After World War II, the railroads saw their finished automobile shipping numbers slip to 40% and further decrease to 19% in 1950 and to a devastating low of 8% in 1958. Stiff competition from the truck industry with the development of semi-trailers and improved highway systems was a deadly combination to the railroads during the ‘auto boom’ of the 1950’s.
The railroads did try to develop more efficient means to transport automobiles. A few early examples include Grand Trunk Western (GTW) trials in 1923 with a 60-foot flatcar that could hold up to nine cars. The flatcar was deemed too difficult to load/unload vehicles onto the second level and GTW did not like the idea of dedicating a flatcar to a ‘single use’ product. If the automobile flatcars were not hauling automobiles, they would be sitting idle not producing revenue. The idea was scrapped until twenty years later.
In 1954 Evans Products Company experimented with a double-deck, open-side car for the New York Central and Union Pacific railroads. Dubbed the ‘6-Car Auto Loader’, the flatcar was equipped with a built-in ramp to load automobiles on the second level. This idea did not reach its full potential and was also abandoned. The railroads also played with the idea of using 75 or 85-foot piggyback flatcars but again determined the use of a long, single layer flatcar was not efficient use of a railcar. The 85-foot flatcar was delegated to haul small trucks, buses, and military equipment.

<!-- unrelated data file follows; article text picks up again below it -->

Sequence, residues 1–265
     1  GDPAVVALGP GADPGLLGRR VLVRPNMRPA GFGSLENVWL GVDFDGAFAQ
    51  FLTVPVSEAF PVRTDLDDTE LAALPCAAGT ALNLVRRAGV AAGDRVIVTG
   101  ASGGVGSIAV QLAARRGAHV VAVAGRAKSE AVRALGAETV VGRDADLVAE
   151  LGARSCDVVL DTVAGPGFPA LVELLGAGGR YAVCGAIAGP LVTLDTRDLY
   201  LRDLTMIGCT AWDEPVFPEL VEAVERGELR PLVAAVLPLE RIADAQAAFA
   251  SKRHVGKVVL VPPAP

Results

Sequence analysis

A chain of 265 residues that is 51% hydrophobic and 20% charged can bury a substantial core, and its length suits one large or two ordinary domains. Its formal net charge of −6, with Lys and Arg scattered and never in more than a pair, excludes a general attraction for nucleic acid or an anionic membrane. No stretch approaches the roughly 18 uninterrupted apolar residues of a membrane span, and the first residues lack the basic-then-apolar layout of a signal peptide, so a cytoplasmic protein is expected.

The first modern auto racks to be pressed into mass service were introduced in January 1960 by the St. Louis-San Francisco Railway (Frisco) and Santa Fe (ATSF). The Frisco revealed a Pullman-Standard built 83-foot tri-level that held 12 to 15 automobiles. The Santa Fe developed a Topeka shop built 53-foot tri-level that could transport nine cars.
In 1963 Trailer Train adopted the 89-foot flatcar as the standard size for their piggyback and auto rack fleets. The length was increased to 89’-4” by request of the auto manufactures. The same design was used for piggyback and auto service to help simplify production and to ease the process should the flatcars needed to be redesigned or converted between rail services.